Search results “Asymmetric cryptography key length”

Modern day encryption is performed in two different ways. Check out http://YouTube.com/ITFreeTraining or http://itfreetraining.com for more of our always free training videos. Using the same key or using a pair of keys called the public and private keys. This video looks at how these systems work and how they can be used together to perform encryption.
Download the PDF handout
http://itfreetraining.com/Handouts/Ce...
Encryption Types
Encryption is the process of scrambling data so it cannot be read without a decryption key. Encryption prevents data being read by a 3rd party if it is intercepted by a 3rd party. The two encryption methods that are used today are symmetric and public key encryption.
Symmetric Key
Symmetric key encryption uses the same key to encrypt data as decrypt data. This is generally quite fast when compared with public key encryption. In order to protect the data, the key needs to be secured. If a 3rd party was able to gain access to the key, they could decrypt any data that was encrypt with that data. For this reason, a secure channel is required to transfer the key if you need to transfer data between two points. For example, if you encrypted data on a CD and mail it to another party, the key must also be transferred to the second party so that they can decrypt the data. This is often done using e-mail or the telephone. In a lot of cases, sending the data using one method and the key using another method is enough to protect the data as an attacker would need to get both in order to decrypt the data.
Public Key Encryption
This method of encryption uses two keys. One key is used to encrypt data and the other key is used to decrypt data. The advantage of this is that the public key can be downloaded by anyone. Anyone with the public key can encrypt data that can only be decrypted using a private key. This means the public key does not need to be secured. The private key does need to be keep in a safe place. The advantage of using such a system is the private key is not required by the other party to perform encryption. Since the private key does not need to be transferred to the second party there is no risk of the private key being intercepted by a 3rd party. Public Key encryption is slower when compared with symmetric key so it is not always suitable for every application. The math used is complex but to put it simply it uses the modulus or remainder operator. For example, if you wanted to solve X mod 5 = 2, the possible solutions would be 2, 7, 12 and so on. The private key provides additional information which allows the problem to be solved easily. The math is more complex and uses much larger numbers than this but basically public and private key encryption rely on the modulus operator to work.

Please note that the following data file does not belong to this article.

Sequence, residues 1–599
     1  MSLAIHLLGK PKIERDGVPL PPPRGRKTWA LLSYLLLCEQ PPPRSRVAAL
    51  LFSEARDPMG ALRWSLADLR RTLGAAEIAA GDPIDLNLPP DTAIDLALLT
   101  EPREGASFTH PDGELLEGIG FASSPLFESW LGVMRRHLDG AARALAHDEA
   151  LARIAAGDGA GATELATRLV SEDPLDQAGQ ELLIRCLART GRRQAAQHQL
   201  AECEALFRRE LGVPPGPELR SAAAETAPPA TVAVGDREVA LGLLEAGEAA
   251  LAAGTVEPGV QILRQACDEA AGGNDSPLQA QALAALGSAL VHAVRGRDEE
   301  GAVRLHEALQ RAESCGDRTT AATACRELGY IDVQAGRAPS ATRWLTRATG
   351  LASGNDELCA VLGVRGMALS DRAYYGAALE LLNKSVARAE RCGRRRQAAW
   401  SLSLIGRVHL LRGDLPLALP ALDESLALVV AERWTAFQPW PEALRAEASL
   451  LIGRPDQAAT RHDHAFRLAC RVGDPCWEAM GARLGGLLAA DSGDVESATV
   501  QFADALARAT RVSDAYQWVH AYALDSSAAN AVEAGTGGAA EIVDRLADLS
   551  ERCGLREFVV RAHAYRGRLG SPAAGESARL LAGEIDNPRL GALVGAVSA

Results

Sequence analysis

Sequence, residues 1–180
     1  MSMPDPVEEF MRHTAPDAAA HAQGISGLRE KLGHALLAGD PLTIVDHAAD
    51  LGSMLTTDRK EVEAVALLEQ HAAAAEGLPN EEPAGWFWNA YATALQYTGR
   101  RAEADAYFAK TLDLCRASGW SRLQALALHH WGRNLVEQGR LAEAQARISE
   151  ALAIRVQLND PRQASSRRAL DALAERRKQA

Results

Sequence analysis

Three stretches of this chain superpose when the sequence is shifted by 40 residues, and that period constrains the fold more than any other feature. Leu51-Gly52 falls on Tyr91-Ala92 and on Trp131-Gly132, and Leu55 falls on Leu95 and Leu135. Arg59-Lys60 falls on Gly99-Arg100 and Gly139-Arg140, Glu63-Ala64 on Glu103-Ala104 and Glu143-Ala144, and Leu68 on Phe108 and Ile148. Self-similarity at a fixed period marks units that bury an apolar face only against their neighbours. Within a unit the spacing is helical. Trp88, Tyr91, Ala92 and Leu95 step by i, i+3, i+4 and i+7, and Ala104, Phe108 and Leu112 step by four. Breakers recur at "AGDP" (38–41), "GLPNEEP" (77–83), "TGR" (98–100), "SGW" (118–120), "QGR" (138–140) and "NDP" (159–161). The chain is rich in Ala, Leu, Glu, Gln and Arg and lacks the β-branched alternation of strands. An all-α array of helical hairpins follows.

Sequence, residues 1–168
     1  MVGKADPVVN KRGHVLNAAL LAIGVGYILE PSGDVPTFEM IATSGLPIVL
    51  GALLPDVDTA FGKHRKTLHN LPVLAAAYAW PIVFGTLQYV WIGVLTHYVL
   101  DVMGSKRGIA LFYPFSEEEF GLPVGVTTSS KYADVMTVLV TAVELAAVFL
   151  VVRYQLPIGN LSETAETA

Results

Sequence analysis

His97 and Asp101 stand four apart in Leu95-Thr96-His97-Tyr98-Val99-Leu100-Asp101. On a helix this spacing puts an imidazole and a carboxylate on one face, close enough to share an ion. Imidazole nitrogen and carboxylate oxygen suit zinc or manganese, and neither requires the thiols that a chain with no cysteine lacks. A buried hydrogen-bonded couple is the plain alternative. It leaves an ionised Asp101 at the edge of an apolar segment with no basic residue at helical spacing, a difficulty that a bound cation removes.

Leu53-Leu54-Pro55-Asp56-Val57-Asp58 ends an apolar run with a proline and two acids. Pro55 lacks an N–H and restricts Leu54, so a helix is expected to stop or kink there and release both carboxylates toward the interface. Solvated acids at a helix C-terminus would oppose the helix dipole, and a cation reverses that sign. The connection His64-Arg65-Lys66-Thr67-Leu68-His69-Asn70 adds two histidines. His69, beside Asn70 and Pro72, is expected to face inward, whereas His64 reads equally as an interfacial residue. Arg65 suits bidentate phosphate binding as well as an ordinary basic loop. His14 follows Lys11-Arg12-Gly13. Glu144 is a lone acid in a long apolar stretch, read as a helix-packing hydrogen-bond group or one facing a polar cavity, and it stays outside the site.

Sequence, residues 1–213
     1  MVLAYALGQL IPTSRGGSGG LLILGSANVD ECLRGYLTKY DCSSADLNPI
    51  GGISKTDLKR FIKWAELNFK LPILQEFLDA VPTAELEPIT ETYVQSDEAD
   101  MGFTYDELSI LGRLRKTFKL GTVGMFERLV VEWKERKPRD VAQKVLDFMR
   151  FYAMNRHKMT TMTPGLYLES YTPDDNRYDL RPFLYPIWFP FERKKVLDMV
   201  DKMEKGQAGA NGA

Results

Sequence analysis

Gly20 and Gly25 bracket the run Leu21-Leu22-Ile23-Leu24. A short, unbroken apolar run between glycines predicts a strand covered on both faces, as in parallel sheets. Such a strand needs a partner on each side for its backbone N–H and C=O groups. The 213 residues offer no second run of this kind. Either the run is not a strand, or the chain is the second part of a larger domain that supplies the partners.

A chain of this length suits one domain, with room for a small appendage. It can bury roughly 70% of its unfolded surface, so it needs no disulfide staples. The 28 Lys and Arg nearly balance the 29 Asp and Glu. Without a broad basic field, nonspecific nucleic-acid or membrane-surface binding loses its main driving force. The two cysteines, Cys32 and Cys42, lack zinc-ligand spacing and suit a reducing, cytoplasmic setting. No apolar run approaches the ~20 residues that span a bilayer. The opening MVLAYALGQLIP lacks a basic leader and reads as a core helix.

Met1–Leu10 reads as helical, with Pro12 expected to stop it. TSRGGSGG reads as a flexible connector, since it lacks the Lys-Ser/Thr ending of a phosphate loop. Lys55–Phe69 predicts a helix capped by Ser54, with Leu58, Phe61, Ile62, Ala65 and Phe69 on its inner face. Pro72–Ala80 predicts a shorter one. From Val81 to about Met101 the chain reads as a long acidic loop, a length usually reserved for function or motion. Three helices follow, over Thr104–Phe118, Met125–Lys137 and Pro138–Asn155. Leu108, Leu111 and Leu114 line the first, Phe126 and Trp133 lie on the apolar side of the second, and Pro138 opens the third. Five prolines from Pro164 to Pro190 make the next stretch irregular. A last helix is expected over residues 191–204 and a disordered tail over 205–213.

Combing The Two
There are two reasons you want to combine the two. The first is that often communication will be broken into two steps. Key exchange and data exchange. For key exchange, to protect the key used in data exchange it is often encrypted using public key encryption. Although slower than symmetric key encryption, this method ensures the key cannot accessed by a 3rd party while being transferred. Since the key has been transferred using a secure channel, a symmetric key can be used for data exchange. In some cases, data exchange may be done using public key encryption. If this is the case, often the data exchange will be done using a small key size to reduce the processing time.
The second reason that both may be used is when a symmetric key is used and the key needs to be provided to multiple users. For example, if you are using encryption file system (EFS) this allows multiple users to access the same file, which includes recovery users. In order to make this possible, multiple copies of the same key are stored in the file and protected from being read by encrypting it with the public key of each user that requires access.
References
"Public-key cryptography" http://en.wikipedia.org/wiki/Public-k...
"Encryption" http://en.wikipedia.org/wiki/Encryption

Views: 506280
itfreetraining

How does public-key cryptography work? What is a private key and a public key? Why is asymmetric encryption different from symmetric encryption? I'll explain all of these in plain English!
🐦 Follow me on Twitter:
https://twitter.com/savjee
✏️ Check out my blog:
https://www.savjee.be
👍🏻 Like my Facebook page:
https://www.facebook.com/savjee

Views: 276765
Simply Explained - Savjee

https://8gwifi.org/CipherFunctions.jsp
Reference book: http://leanpub.com/crypto
Cryptographic Algorithms generally fall into one of two different categories, or are a combination of both.
Symmetric
Fast
Only provide confidentiality
Examples: DES, AES, Blowfish, RC4, RC5
Asymmetric
Large mathematical operations make it slower than symmetric algorithms
No need for out of band key distribution (public keys are public!)
Scales better since only a single key pair needed per individual
Can provide authentication and nonrepudiation
Examples: RSA, El Gamal, ECC, Diffie-Hellman
problem with symmetric key cryptography
DES (Data Encryption Standard)
64 bit key that is effectively 56 bits in strength
Actual algorithm is called DEA (Data Encryption Algorithm)
DES Modes
Electronic Code Book
Cipher Block Chaining (most commonly used for general purpose encryption)
Cipher Feedback
Output Feedback
Counter Mode (used in IPSec)
3DES
112-bit effective key length
Uses either 2 or 3 different smaller keys in one of several modes
Modes
EEE2/3
EDE2/3
AES